3rd Generation Xeon Scalable PCIe Support
Another major external interface point for the CPU is PCIe lanes. These lanes connect all of the NICs, NVMe SSDs, storage controllers (PCIe), and accelerators and other parts of the system.
Since the 3rd Generation Intel Xeon Scalable Cooper Lake parts are 14nm parts largely related to Cascade Lake, we get 48x PCIe lanes. These are still PCIe Gen3 lanes, not the Gen4 lanes that virtually every major AMD and Arm server processor are using in this generation. That 48x PCIe Gen3 lane spec mirrors the first and second-generation Intel Xeon Scalable lines. Intel is likely re-using the existing PCIe Gen3 controller design here.
Over the next 18 months, we expect a massive change for Intel in the PCIe space. Since Intel is re-confirming the vision for Sapphire Rapids Xeon platforms in 2021, a mere 18 months away, we have some sense of what is next. Sapphire Rapids is set to support CXL and CXL is based on PCIe Gen5. As a result, Intel’s mid-2020 Cooper Lake part supports PCIe Gen3. Ice Lake will hit in 2020/ 2021 with PCIe Gen4, but PCIe Gen4 will be supplanted within a year by PCIe Gen5 and Sapphire Rapids.
That has a few very interesting industry impacts. The first is that since AMD effectively has a 5-6 quarter lead over Intel on PCIe Gen4 support, most of the hardware ecosystem outside of Intel is using AMD EPYC 7002 “Rome” as the reference platform for PCIe Gen4. Whereas PCIe Gen3 was built atop many years of Intel Xeon, PCIe Gen4 is different. PCIe Gen4 will see 60% of the time between its x86 introduction to the next-gen introduction lifecycle as an AMD-only standard. That is why the NVIDIA DGX A100 is using AMD EPYC 7002 CPUs. Intel was too late shipping PCIe Gen4 to make the NVIDIA Ampere generation of accelerators. As a result, Ampere servers are going to be heavily AMD EPYC in the near future.
For Intel’s portfolio approach, things are awkward as well. Intel’s solid-state drive division, as an example now has a quandary as well.
These are codenamed “Arbordale Plus” SSDs which means that they are PCIe Gen4 capable parts. Intel is releasing them with Cooper Lake, but there is a good chance that they would be faster on AMD EPYC 7002 Rome CPUs with twice the PCIe bandwidth. While Intel had a huge lead with original PCIe Gen3 NVMe SSDs where Xeon was the de-facto standard, that is not the case anymore. Other vendors are using AMD EPYC 7002 platforms for PCIe Gen4 NVMe SSD validation, not Xeon. Intel either needs to go EPYC 7002 validation first for the next six months or it essentially is way behinds its SSD competition.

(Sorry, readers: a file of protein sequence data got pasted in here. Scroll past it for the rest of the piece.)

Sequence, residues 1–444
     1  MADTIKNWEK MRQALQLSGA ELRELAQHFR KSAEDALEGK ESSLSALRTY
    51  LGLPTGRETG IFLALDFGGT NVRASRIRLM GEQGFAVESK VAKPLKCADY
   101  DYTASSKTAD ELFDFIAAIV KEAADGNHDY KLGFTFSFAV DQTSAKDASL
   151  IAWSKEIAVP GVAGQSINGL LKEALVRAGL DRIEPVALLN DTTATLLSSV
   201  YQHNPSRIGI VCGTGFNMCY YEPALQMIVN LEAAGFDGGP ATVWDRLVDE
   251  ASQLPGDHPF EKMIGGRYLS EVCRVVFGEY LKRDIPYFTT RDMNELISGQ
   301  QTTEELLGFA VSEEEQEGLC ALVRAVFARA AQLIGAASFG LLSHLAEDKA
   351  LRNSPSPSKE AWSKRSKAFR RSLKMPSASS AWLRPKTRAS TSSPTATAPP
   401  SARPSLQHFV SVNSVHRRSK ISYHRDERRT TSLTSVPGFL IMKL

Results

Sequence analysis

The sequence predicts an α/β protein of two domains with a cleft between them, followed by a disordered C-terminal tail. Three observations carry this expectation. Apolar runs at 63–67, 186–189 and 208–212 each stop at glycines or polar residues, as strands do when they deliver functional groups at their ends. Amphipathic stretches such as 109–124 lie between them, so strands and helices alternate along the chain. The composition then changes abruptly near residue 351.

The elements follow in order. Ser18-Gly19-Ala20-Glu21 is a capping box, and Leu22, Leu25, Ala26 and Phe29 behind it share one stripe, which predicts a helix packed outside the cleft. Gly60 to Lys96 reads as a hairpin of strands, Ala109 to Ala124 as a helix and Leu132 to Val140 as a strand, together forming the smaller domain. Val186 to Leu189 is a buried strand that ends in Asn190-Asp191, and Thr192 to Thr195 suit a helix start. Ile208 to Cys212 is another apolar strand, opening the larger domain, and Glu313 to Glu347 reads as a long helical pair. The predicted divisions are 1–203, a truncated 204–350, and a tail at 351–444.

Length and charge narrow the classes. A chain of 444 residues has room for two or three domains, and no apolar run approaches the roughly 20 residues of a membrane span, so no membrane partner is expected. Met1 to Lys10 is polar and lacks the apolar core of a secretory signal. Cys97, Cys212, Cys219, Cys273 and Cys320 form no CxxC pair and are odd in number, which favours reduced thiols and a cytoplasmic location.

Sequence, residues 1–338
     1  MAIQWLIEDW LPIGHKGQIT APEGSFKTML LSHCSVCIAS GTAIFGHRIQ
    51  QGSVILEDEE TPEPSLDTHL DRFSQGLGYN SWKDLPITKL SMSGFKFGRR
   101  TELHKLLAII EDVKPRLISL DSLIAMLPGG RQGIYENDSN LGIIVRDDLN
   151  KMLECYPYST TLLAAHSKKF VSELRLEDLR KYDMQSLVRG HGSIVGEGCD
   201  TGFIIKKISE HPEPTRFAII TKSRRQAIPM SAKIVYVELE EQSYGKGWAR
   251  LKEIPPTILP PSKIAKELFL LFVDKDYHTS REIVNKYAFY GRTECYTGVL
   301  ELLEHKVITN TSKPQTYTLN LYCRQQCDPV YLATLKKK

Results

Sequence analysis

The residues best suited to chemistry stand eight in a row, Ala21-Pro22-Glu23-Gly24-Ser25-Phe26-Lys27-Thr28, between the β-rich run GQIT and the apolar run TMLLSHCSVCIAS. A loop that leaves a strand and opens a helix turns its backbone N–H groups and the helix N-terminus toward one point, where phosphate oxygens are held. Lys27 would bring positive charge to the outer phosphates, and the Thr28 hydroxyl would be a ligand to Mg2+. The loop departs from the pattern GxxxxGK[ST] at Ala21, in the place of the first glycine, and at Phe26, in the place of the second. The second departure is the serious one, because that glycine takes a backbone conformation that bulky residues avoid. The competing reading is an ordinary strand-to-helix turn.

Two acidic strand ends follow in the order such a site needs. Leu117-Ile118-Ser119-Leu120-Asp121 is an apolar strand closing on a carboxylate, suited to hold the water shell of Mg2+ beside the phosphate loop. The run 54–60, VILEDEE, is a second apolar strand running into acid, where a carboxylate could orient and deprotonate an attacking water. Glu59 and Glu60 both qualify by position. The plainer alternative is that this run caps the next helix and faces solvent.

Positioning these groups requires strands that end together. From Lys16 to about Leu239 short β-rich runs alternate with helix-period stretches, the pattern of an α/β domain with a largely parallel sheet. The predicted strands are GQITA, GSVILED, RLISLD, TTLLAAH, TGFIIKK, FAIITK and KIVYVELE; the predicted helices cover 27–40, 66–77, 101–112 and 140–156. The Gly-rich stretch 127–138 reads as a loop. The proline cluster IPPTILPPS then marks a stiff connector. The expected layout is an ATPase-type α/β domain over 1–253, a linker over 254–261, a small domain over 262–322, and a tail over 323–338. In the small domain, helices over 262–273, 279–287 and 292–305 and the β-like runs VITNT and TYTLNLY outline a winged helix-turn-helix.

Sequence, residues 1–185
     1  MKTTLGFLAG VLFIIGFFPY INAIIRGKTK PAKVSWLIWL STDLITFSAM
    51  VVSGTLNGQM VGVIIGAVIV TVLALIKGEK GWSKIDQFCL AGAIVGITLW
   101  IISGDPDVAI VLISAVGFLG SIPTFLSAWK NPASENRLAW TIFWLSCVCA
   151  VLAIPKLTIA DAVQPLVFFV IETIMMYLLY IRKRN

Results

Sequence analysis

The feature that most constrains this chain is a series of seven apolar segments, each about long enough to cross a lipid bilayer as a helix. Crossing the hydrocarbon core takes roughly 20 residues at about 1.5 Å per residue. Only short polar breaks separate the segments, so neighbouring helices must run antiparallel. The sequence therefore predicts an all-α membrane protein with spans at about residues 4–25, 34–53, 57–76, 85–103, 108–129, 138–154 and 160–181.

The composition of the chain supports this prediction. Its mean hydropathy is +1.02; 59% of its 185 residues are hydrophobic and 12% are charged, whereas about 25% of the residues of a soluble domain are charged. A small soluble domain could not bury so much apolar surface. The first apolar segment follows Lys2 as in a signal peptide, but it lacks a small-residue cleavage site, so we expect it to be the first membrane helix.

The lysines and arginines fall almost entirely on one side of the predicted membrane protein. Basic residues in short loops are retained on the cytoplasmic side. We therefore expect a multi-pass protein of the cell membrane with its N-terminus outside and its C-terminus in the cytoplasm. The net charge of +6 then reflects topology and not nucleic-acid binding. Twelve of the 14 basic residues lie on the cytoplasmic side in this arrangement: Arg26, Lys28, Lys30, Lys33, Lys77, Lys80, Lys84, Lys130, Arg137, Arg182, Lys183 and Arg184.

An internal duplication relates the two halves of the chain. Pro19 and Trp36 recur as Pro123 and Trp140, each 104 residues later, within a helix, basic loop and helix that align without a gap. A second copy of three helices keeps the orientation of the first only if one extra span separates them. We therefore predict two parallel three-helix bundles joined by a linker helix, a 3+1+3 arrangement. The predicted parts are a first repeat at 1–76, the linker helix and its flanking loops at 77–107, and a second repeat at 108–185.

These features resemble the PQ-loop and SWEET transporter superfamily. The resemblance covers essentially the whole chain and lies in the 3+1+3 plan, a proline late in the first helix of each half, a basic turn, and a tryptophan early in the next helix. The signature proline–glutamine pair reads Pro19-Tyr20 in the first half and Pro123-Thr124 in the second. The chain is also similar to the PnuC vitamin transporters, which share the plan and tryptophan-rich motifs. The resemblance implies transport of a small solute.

As a quick aside here, Intel’s next-gen VROC capabilities that will increase the performance of the solution are not in Cooper Lake. Again, Cooper Lake is built largely upon the Skylake/ Cascade Lake base Those will likely be introduced in Ice Lake since Intel needs an update.
That quandary is not just on the NAND SSD side. The Intel Optane DC P4800X, for example, has been around for years as a PCIe Gen3 device. That was codenamed “Cold Stream” for those wondering. Since we have the new generation of Intel Optane PMem 200, we know Intel has a new controller. We would expect new technology to be introduced to the PCIe SSDs as well, especially given Optane’s popularity in the PCIe array space. The next stream is Alder Stream which Intel has discussed a bit about. Since Alder Stream was designed to go hand-in-hand with Ice Lake Xeons, it is likely a PCIe Gen4 device. Again, Intel has the drives, they will work on Cooper Lake Xeons, but they were designed for PCIe Gen4 which right now is mostly going to be AMD EPYC 7002. Indeed, if Intel waits to release Alder Stram until it has PCIe Gen4, it effectively loses 33% of the remaining time when PCIe Gen4 is the top-end connectivity in the market.
Moving beyond storage, we saw the Intel Ethernet 800 Series 100GbE NIC Launch in 2019. We expect the Intel 800 series (E810) to become available in 2020. Even though it was “launched” in 2019, pushing out Ice Lake Xeon with PCIe Gen4, and with Cooper Lake Xeon being a PCIe Gen3 platform, a dual 100GbE network controller cannot run at full bandwidth on a PCIe Gen3 x16 link, but it can on a Gen4 x16 link. Mellanox (now NVIDIA) has now been in the market with generations of PCIe Gen4 NICs and is now well beyond 100GbE networking. Columbiaville, if you recall will bring features Intel networking desperately needs such as RoCEv2 support along with iWARP for RDMA which is important at these speeds. Beyond the 100GbE adapters with “Rapids” codenames (not to be confused with Sapphire Rapids), we also expect E810 refreshes for 25GbE and 50GbE networking. Based on the E810, these will also be PCIe Gen4 capable in preparation for Ice Lake Xeons and Whitley. With Cooper Lake, these are still stuck at PCIe Gen3.
The common theme is that Intel’s entire PCIe Gen4 portfolio either will have to go PCIe Gen4 led by AMD EPYC 7002 “Rome” platforms, or they will have their periods of relevance shortened by the fast-following Sapphire Rapids Xeons and PCIe Gen5.
Next, we are going to talk Lewisburg-Refresh briefly, then discuss our final words.